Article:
Although prior appeals to this court have involved section 5-8-1(c) (formerly section 5-8-1(d)), we have not previously considered the precise issue presented here. In People ex rel. Carey v. Rosin (1979), 75 Ill.2d 151, the court held that the stay of execution of a sentence did not toll the running of the 30-day period within which the trial court may modify the sentence. The opinion, however, indicates that the motion for reconsideration was filed more than 30 days after the imposition of sentence. In People v. Hills (1980), 78 Ill.2d 500, the issue presented was not the reduction or modification of the sentence, but a change which effectively increased it.
The opinions of the appellate court (People v. Hickey (1985), 138 Ill. App.3d 749; People v. Bodine (1981), 97 Ill. App.3d 42; People v. Shook (1980), 86 Ill. App.3d 174; People v. Hamilton (1979), 78 Ill. App.3d 1031; People v. Knowles (1979), 76 Ill. App.3d 1004; People v. Muellner (1979), 70 Ill. App.3d 671; People v. Cornett (1975), 29 Ill. App.3d 244) are not in agreement on the question. We perceive no benefit to be derived from a detailed discussion of the opinions, and it suffices to say that they range from the literal interpretation applied in this case to the unqualified statement that filing of the motion tolled the running of the statute until a ruling was made on the motion. (People v. Hickey (1985), 138 Ill. App.3d 749.) The council commentary pertaining to section 5-8-1(d) (now subparagraph (c)) that "[s]ubparagraph (d) provides that the court may reduce the length of sentence any time within 30 days after the sentence is imposed" (Ill. Ann. Stat., ch. 38, par. 1005-8-1(d), Council Commentary, at 25 (Smith-Hurd 1973)) would appear to support the appellate court judgment here.
We have compared the provisions of section 5-8-1(c) with Rule 35(b) of the Federal Rules of Criminal Procedure (Fed. R. Crim. P. 35(b)), which, in pertinent part, provided:
"A motion to reduce a sentence may be made, or the court may reduce a sentence without motion, within 120 days after the sentence is imposed * * *."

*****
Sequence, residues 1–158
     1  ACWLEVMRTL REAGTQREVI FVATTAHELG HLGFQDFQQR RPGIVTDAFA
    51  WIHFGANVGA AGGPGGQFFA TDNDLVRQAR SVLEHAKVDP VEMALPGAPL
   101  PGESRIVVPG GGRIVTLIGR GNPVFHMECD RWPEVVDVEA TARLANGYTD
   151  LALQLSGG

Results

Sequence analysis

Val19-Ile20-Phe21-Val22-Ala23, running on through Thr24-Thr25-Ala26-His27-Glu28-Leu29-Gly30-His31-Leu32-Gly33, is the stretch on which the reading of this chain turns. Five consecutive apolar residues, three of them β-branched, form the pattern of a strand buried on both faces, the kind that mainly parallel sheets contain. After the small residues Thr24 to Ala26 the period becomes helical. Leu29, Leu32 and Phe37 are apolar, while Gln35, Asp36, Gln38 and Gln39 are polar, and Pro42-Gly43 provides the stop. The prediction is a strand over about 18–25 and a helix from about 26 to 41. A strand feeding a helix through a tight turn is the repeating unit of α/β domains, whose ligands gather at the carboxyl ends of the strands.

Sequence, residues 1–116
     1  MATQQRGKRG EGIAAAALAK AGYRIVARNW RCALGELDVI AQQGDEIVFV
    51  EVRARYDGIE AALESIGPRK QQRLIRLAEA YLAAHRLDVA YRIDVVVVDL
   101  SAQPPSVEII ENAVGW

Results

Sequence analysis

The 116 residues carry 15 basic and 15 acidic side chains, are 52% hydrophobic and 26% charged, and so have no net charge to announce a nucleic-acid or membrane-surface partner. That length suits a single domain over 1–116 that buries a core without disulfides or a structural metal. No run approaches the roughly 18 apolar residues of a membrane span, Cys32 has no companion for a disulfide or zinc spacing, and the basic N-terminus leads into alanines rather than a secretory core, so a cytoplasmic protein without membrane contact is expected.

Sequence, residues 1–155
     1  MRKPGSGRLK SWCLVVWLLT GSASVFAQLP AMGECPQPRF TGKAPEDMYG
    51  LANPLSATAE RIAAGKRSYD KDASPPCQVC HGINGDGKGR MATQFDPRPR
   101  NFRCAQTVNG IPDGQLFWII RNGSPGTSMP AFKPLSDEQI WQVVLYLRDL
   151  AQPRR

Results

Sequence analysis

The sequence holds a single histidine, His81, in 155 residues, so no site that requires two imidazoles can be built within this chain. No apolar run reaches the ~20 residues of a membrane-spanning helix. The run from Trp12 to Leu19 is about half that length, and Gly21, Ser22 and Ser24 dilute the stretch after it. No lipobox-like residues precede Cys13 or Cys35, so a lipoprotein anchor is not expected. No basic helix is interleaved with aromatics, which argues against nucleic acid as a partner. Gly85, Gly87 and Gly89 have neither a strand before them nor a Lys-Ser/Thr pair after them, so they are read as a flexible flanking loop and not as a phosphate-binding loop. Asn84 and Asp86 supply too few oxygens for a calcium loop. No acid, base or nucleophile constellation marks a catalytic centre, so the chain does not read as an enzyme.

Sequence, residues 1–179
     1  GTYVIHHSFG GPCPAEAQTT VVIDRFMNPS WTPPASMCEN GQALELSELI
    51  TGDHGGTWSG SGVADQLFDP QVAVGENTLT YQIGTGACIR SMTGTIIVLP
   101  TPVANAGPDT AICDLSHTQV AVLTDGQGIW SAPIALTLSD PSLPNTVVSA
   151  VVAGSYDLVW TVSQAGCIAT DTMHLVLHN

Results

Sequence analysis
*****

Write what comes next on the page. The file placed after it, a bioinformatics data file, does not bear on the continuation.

Rule 35, as limited by the provisions of Federal Rule of Criminal Procedure 45, has not been uniformly construed by the Federal circuits. In United States v. Stollings (4th Cir. 1975), 516 F.2d 1287, it was held that the district court did not lose jurisdiction to act upon a motion for reduction of sentence filed within the 120-day period for so long as the judge reasonably needed time to consider and act upon the motion. In United States v. Kajevic (7th Cir. 1983), 711 F.2d 767, the court reviewed the decisions of the other circuits and noted that in United States v. Braasch (7th Cir. 1976), 542 F.2d 442, the court had "treated the 120-day limitation as a limitation on the time for filing the motion rather than on the time for acting on it." (711 F.2d 767, 769.) The court decided Kajevic on another ground but pointed out that the literal application of Rule 35(b) would, contrary to Braasch, prohibit a district judge from acting on the motion subsequent to the expiration of 120 days after the imposition of sentence. We note that in 1985 Rule 35 was amended to substantially conform with the holding of United States v. Stollings. Fed. R. Crim. P. 35.
We have considered the questions whether section 5-8-1(c) may be construed as permissive rather than mandatory, and whether, if mandatory, it violates the constitutional provision for separation of powers. In People v. Flores (1984), 104 Ill.2d 40, the court was required to construe section 115-4.1 of the Code of Criminal Procedure of 1963 (Ill. Rev. Stat. 1983, ch. 38, par. 115-4.1) which, in pertinent part, provided that when, in a criminal trial, a defendant wilfully absents himself from court for a period of ...